Revici's treatment agents were used in Belgium with favorable results by Professor Joseph Maisin, president of the International Union Against Cancer and director of the Cancer Institute of the University of Louvain. Between 1965 and his death from a car accident in 1971, Maisin corresponded with Revici to describe how he treated patients with advanced metastatic cancer who had failed conventional therapies. Maisin used several Revici preparations, at times coupled with low-dose radiation. He reported that in nine of the twelve terminal-cancer patients on the Revici medicines, significant improvements occurred, including regression of tumors, disappearance of metastases, and cessation of hemorrhage. Incredibly, paralyzed patients were able to walk again.
Dr. Revici developed successful treatments for heroin and alcohol addiction. His detoxification agent for heroin addicts, called Perse, was almost chosen over methadone as the nation's treatment of choice. Perse, which incorporated selenium in a lipid base, physically detoxified addicts within five to eight days. At the request of Congress, Revici presented over 2,000 case histories of successful uses of this nontoxic and nonaddictive agent. The idea for Perse had arisen from Revici's cancer practice after he observed that patients previously on addictive narcotic analgesics exhibited no withdrawal symptoms when placed on his lipid analgesics.
At a 1971 congressional subcommittee hearing that took testimony about Perse for a full day, Congressman Charles Rangel of New York said, "The results and what we witnessed with patients was so unbelievable that the doctor from Municipal Hospital has now gone back on a daily basis in order to continue with this chance to see the miraculous results that have taken place."
Barron's ran a full-page feature on Revici's treatments for narcotic and alcohol addiction in 1972. Both Congress and the FDA promised Dr. Revici full support for large-scale clinical testing, signaling that Perse could be the most important breakthrough in drug treatment. Because selenium is normally toxic in high doses, Revici reformulated the medication to eliminate it. The new substance, called Bionar, worked just as well-in the same amount of time, with no withdrawal symptoms. (The selenium incorporated in Perse was a bivalent-negative form, very active and virtually nontoxic.)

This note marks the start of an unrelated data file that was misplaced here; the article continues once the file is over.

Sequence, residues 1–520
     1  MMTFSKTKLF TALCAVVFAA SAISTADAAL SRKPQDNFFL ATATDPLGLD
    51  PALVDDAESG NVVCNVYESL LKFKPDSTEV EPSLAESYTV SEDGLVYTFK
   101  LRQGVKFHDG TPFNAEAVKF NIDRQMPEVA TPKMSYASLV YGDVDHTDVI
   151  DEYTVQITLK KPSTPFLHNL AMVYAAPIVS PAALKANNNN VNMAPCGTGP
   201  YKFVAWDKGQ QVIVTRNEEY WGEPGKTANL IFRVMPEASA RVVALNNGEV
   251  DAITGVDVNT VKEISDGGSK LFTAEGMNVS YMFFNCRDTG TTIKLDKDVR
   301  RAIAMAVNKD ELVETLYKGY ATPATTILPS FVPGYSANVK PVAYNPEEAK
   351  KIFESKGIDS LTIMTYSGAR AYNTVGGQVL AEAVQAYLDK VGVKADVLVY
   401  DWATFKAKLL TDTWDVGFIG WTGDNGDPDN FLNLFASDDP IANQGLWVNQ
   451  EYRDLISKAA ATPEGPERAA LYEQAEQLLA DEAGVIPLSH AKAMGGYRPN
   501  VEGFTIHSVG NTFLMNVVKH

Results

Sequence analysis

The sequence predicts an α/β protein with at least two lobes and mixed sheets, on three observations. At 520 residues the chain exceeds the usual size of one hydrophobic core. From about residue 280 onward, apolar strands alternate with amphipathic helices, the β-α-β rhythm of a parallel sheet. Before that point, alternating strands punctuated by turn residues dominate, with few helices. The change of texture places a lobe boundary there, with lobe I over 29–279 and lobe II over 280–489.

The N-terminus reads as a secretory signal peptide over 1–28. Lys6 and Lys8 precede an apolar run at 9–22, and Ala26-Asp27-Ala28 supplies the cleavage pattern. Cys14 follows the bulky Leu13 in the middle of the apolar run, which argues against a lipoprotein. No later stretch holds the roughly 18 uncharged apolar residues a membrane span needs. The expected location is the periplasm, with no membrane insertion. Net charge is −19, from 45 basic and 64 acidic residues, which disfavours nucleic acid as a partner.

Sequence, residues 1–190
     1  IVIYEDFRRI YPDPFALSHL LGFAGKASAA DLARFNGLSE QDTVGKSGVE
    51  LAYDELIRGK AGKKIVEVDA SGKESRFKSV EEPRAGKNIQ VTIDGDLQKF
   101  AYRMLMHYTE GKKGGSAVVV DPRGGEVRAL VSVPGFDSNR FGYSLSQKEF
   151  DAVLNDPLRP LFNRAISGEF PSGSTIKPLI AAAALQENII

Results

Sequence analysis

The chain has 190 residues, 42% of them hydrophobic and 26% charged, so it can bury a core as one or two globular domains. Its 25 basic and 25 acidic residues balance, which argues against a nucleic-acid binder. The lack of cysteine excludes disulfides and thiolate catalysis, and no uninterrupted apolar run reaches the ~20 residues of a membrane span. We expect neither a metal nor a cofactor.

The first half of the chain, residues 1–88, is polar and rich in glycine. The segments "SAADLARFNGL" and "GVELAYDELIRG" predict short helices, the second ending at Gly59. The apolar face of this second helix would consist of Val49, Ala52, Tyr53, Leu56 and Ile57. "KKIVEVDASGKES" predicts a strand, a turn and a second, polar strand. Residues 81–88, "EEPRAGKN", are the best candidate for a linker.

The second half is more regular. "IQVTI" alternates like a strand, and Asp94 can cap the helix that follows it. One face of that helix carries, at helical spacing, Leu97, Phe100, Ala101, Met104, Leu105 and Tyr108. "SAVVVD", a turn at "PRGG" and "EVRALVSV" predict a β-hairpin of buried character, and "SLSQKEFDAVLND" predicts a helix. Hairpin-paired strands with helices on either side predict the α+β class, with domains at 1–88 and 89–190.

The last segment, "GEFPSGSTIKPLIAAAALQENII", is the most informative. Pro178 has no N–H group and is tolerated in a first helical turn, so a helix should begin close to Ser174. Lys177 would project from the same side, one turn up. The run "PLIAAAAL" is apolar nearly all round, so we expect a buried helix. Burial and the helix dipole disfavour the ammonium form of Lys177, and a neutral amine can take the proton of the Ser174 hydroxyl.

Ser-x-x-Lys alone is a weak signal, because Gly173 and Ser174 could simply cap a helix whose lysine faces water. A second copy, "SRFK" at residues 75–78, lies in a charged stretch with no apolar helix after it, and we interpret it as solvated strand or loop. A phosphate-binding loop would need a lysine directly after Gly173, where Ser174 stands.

The stage seemed set for a major advance in the war on drugs. But less than one month after the congressional hearing, the FDA reversed its position and recommended methadone, an addictive and toxic drug, as the treatment of choice. Why?
One possible answer is provided by Marcus Cohen, who helped coordinate the campaign to save Revici's license. He suggests, "Hospitalization was required for treatment with Perse, and because many of the patients were poor, Medicaid was asked to pick up the tab. As in the case of most drug addicts, they presented with other conditions besides addiction which needed medical attention.... Methadone, addicting in itself, nevertheless was favored by State and City officials as a means of controlling the mostly black and Hispanic drug population.... The drug companies and health care professionals that profited from exclusive use of methadone did not welcome competition, least of all from a treatment which did not cause a lifelong dependency."8
Dr. Revici's nontoxic treatment for AIDS applies his findings on the antiviral and immune-enhancing properties of certain lipids. He views AIDS as a "quadruple pathological condition," consisting of:
1. a primary viral infection, inducing
2. a deficiency in the body's natural lipidic defense, followed by
3. secondary opportunistic infections or specific neoplasms (cancers)
due to the lack of certain lipids, resulting in
4. an exaggerated imbalance, usually catabolic.
Each of the four conditions is addressed with a specific therapeutic approach. Antiviral agents are given to inactivate, or kill, the human immunodeficiency virus (HIV). To counteract the patient's nonspecific loss of defense against opportunistic infections, Dr. Revici administers, via injection, a group of phospholipids that he calls refractoriness lipids. These compounds appear to induce a generalized resistance (refractoriness) toward many different antigens. The doctor claims impressive results with these preparations in the clinical manifestations of AIDS and AIDS Related Complex (ARC). Antibiotics are also given to combat the secondary opportunistic infections. To redress bodily imbalances, the appropriate anticatabolic or antianabolic agents are used.